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Douglas College sports academic exposes myth surrounding the Davis Cup

New research by a Douglas College Sport Science instructor has busted one of the biggest myths in the tennis world.

Robert Lake, along with fellow sports academic Simon Eaves of Manchester Metropolitan University, have revealed the real history behind the genesis of the prestigious Davis Cup – the largest men’s tennis competition in the world, with 125 nations competing annually. 

Lake and Eaves have published a paper, Dwight Davis and the Foundation of the Davis Cup in Tennis: Just another Doubleday Myth?, in the Spring 2018 issue of the Journal of Sport History to tell the real story. 

For more than 100 years, Dwight F. Davis, a wealthy American politician and tennis pioneer, has been credited for the concept of the Davis Cup. But records uncovered by Lake and Eaves show evidence of conversations between tennis players on both side of the Atlantic – namely James Dwight, Manliffe Goodbody, Charles Voigt, Harold Mahony, Bill Larned, and E. P. Fischer – and the United States National Lawn Tennis Association (USNLTA) about a formal international tennis competition well before the inaugural event in 1900. 

“Davis’s involvement can be counted on one finger: the donation of a silver cup to the competition, thus dispelling one of the biggest myths in tennis history,” Lake says.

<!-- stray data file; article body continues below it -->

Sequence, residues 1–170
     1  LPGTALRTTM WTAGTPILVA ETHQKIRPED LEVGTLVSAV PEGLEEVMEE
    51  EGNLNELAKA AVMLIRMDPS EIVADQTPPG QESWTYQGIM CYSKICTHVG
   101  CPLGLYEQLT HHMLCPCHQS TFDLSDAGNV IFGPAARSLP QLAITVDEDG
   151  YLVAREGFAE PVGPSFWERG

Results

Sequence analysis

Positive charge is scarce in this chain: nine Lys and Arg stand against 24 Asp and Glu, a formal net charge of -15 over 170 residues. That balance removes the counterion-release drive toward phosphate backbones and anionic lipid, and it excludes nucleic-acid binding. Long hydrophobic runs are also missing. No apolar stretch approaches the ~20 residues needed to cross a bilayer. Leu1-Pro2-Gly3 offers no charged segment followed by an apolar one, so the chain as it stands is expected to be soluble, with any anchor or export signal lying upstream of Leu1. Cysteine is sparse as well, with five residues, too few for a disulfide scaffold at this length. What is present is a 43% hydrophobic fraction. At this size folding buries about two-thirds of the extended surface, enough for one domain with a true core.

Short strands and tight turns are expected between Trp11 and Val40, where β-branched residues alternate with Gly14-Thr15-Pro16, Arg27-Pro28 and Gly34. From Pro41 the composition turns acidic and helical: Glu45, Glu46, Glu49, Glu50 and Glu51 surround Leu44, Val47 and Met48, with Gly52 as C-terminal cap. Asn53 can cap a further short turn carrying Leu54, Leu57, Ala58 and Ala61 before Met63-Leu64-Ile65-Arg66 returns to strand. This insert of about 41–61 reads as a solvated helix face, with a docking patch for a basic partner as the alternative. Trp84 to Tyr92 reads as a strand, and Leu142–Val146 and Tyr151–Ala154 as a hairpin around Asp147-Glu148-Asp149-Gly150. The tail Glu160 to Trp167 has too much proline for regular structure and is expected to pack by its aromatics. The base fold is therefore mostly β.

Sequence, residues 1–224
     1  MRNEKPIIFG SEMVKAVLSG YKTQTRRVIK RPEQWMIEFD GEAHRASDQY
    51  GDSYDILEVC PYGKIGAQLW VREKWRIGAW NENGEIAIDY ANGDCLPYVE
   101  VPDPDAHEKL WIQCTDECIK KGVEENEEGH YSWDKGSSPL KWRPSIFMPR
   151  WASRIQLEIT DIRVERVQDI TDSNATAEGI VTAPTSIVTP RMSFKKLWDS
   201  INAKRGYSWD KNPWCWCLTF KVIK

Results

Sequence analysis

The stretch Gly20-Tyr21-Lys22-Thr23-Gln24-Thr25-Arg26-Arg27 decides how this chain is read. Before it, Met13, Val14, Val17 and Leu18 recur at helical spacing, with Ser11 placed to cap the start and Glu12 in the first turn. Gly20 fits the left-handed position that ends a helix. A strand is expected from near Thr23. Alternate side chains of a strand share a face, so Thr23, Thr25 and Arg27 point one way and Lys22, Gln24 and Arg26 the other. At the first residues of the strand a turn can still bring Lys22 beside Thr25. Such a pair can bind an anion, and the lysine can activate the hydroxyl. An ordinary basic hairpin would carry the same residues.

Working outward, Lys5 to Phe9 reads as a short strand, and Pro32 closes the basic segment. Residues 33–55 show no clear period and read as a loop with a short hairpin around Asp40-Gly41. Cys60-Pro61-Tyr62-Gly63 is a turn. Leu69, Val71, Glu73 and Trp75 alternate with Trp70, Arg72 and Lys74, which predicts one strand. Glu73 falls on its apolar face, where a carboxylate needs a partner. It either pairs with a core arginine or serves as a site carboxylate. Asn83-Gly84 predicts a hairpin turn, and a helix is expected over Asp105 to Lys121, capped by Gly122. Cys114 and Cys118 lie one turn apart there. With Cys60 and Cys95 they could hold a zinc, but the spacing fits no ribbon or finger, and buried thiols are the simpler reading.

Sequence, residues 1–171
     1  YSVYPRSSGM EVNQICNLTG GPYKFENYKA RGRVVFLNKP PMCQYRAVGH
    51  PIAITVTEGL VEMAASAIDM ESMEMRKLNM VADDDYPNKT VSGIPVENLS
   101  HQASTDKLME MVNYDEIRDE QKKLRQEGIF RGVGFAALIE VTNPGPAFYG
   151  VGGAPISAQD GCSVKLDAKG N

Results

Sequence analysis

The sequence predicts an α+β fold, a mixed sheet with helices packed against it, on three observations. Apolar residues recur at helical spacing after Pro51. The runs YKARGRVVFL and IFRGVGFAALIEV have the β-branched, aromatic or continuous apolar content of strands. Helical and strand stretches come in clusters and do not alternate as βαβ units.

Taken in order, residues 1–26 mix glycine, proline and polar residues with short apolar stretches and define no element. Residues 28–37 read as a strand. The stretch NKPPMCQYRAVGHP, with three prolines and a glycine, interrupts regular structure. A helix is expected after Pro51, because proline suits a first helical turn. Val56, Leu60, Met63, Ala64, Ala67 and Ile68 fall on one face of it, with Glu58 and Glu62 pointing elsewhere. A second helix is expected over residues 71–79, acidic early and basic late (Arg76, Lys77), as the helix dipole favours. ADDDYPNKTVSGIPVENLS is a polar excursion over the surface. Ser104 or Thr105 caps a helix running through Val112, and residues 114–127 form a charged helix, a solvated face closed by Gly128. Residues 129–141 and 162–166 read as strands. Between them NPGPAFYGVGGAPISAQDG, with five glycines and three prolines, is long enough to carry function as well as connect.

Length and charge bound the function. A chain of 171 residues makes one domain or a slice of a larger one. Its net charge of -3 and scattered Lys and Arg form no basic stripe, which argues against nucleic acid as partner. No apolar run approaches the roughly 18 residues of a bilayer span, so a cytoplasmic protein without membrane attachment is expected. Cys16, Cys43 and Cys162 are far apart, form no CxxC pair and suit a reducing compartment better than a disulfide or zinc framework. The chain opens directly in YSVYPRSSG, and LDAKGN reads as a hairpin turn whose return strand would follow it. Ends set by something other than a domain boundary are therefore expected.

Davis donated the silver cup anonymously, to avoid a conflict of interest as he was taking part in the vote held by USNLTA (now the United States Tennis Association) on whether to approve the tournament, Lake said.

But once the tournament had been approved, Davis took credit for his donation. And because of Davis’s societal status, wealth and connections to powerful people, no one took issue with his manipulation and sole claim to the tournament’s creation.

“He deliberately deceived others to ensure that the Davis Cup was formally approved,” Lake said. “He also stipulated that if the event was not as big as he hoped it would be, the silver cup would be returned to him.” 

While Lake has doubts that there will be interest from the Davis Cup organization on this discovery, it’s a story that needs to be told, he said.

“History is not just a record of something that happened in the past, but an active interpretation of what happened in the past, and is therefore subject to different factors and biases that should be open to critique,” he said.


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